Mr. Vandeleur had availed himself very freely of Richard Arden’s invitation, to amuse himself during his absence with his cheroots and manillas, as the clouded state of the atmosphere of his drawing-room testified to that luckless gentleman — if indeed he was in a condition to observe anything, on returning from his dreadful interview with his uncle.
Richard’s countenance was full of thunder and disaster. Vandeleur looked in his face, with his cigar in his fingers, and said in a faint and hollow tone —
To which inappropriate form of inquiry, Richard Arden deigned no reply; but in silence stalked to the box of cigars on the table, threw himself into a chair, and smoked violently for awhile.
Some minutes passed. Vandeleur’s eyes were fixed, through the smoke, on Richard’s, who had fixed his on the chimney-piece. Van respected his ruminations. With a delicate and noiseless attention, indeed, he ventured to slide gently to his side the water carafe, and the brandy, and a tumbler.
Still silence prevailed. After a time, Richard Arden poured brandy and water suddenly into his glass.
“Think of that fellow, that uncle of mine — pretty uncle! Kind relation — rolling in money! He sends for me simply to tell me that he won’t give me a guinea. He might have waited till he was asked. If he had nothing better to say, he need not have given me the trouble of going to his odious, bleak study, to hear all his vulgar advice and arithmetic, ending in-what do you think? He says that I’m to be had up in the bankrupt court, and when all that is over he’ll get me appointed a ticket-taker on a railway, or a clerk in a pawn-office, or something. By Heaven! when I think of it, I wonder how I kept my temper. I’m not quite driven to those curious expedients, that he seems to think so natural. I’ve some cards still left in my hand, and I’ll play them first, if it is the same to him; and, hang it! my luck can’t always run the same way. I’ll give it another chance before I give up, and tomorrow morning things may be very different with me.”
“It’s an awful pity you quarrelled with Longcluse!” exclaimed Vandeleur.
“That’s done, and can’t be undone,” said Richard Arden, resuming his cigar.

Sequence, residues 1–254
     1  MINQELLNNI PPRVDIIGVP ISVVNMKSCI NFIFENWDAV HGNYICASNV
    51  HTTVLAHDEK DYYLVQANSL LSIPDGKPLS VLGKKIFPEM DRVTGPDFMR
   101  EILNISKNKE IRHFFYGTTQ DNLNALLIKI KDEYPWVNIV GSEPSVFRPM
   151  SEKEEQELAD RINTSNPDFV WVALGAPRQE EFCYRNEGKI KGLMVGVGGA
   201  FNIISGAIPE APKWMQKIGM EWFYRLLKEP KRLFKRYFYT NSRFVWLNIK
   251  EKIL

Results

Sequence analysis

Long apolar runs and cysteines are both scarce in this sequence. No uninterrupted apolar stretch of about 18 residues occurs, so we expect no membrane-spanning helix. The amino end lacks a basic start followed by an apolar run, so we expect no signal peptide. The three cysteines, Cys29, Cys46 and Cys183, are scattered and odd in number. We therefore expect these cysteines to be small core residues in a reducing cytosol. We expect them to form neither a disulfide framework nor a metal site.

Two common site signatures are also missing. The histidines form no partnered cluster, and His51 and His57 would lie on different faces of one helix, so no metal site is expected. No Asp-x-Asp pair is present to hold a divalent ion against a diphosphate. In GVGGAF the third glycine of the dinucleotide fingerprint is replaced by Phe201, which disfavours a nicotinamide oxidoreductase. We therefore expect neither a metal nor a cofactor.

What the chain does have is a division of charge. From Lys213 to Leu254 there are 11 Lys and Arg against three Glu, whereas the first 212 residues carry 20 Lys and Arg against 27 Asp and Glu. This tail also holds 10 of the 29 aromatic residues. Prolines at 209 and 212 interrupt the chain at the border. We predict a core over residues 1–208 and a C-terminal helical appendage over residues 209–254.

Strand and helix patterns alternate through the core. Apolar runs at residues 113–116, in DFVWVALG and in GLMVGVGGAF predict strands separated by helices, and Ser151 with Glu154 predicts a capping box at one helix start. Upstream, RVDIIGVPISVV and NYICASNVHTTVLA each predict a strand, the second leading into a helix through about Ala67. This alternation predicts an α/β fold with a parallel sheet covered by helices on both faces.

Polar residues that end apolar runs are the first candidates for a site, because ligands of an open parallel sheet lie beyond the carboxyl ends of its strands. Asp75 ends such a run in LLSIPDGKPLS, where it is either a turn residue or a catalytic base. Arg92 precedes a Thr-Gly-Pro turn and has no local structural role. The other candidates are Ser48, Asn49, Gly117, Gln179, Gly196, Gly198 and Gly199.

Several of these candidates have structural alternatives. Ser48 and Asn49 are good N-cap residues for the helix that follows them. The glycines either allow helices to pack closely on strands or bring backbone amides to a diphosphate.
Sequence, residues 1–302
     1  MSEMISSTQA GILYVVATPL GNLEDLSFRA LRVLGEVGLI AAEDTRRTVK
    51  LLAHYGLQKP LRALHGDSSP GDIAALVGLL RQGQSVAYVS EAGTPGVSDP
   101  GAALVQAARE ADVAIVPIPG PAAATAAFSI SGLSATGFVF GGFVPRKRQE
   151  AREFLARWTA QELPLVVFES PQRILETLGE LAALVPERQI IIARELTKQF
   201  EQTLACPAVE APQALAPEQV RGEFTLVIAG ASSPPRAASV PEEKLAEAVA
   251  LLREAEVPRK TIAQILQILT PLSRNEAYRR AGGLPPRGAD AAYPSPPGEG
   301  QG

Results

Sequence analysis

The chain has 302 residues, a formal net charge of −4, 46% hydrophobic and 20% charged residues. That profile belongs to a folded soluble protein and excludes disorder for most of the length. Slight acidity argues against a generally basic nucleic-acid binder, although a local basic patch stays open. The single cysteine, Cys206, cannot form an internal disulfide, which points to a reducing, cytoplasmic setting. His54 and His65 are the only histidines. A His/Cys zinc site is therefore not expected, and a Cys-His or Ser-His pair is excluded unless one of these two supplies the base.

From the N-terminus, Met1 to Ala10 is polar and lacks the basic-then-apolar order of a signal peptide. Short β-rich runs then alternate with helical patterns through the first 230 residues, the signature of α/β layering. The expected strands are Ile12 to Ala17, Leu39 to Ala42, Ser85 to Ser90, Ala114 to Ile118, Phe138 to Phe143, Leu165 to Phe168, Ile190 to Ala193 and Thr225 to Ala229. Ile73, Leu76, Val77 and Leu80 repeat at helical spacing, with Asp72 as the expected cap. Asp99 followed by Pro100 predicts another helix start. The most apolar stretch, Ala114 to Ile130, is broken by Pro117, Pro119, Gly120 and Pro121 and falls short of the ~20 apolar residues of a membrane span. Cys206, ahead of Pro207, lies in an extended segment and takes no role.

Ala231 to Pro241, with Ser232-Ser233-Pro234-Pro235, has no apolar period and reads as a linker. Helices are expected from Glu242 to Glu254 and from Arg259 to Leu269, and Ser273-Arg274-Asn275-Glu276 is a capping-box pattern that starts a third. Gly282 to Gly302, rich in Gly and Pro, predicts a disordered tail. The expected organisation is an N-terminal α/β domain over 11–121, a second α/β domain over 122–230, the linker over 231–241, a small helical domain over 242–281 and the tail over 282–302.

“I wonder why you quarrelled with him. Why, good heavens! that man is made of money, and he got you safe out of that fellow’s clutches — I forget his name — about that bet with Mr. Slanter, don’t you remember — and he was so very kind about it; and I’m sure he’d shake hands if you’d only ask him, and one way or another he’d pull you through.”
“I can’t ask him, and I won’t; he may ask me if he likes. I’m very sure there is nothing he would like better, for fifty reasons, than to be on good terms with me again, and I have no wish to quarrel any more than he has. But if there is to be a reconciliation, I can’t begin it. He must make the overtures, and that’s all.”
“He seemed such an awfully jolly fellow that time. And it is such a frightful state we are both in. I never came such a mucker before in my life. I know him pretty well. I met him at Lady May Penrose’s, and at the Playfairs’, and one night I walked home with him from the opera. It is an awful pity you are not on terms with him, and — by Jove! I must go and have something to eat; it is near eight o’clock.”
Away went Van, and out of the wreck of his fortune contrived a modest dinner at Verey’s; and pondering, after dinner, upon the awful plight of himself and his comrade, he came at last to the heroic resolution of braving the dangers of a visit to Mr. Longcluse, on behalf of his friend; and as it was now past nine, he hastily paid the waiter, took his hat, and set out upon his adventure. It was a mere chance, he knew, and a very unlikely one, his finding Mr. Longcluse at home at that hour. He knew that he was doing a very odd thing in calling at past nine o’clock; but the occasion was anomalous, and Mr. Longcluse would understand. He knocked at the door, and learned from the servant that his master was engaged with a gentleman in the study, on business. From this room he heard a voice, faintly discoursing in a deep metallic drawl.
“Who shall I say, Sir?” asked the servant.
If his mission had been less monotonous, and he less excited and sanguine as to his diplomatic success, he would have, as he said, “funked it altogether,” and gone away. He hesitated for a moment, and determined upon the form most likely to procure an interview.
“Say Mr. Vandeleur — a friend of Mr. Richard Arden’s; you’ll remember, please — a friend of Mr. Richard Arden’s.”
In a moment the man returned.
“Will you please to walk up-stairs?” and he showed him into the drawing-room.
In little more than a minute, Mr. Longcluse himself entered. His eyes were fixed on the visitor with a rather stern curiosity. Perhaps he had interpreted the term “friend” a little too technically. He made him a ceremonious bow, in French fashion, and placed a chair for him.
“I had the pleasure of being introduced to you, Mr. Longcluse, at Lady May Penrose’s. My name is Vandeleur.”
“I have had that honour, Mr. Vandeleur, I remember perfectly. The servant mentioned that you announced yourself as Mr. Arden’s friend, if I don’t mistake.”
Last updated Monday, December 22, 2014 at 10:52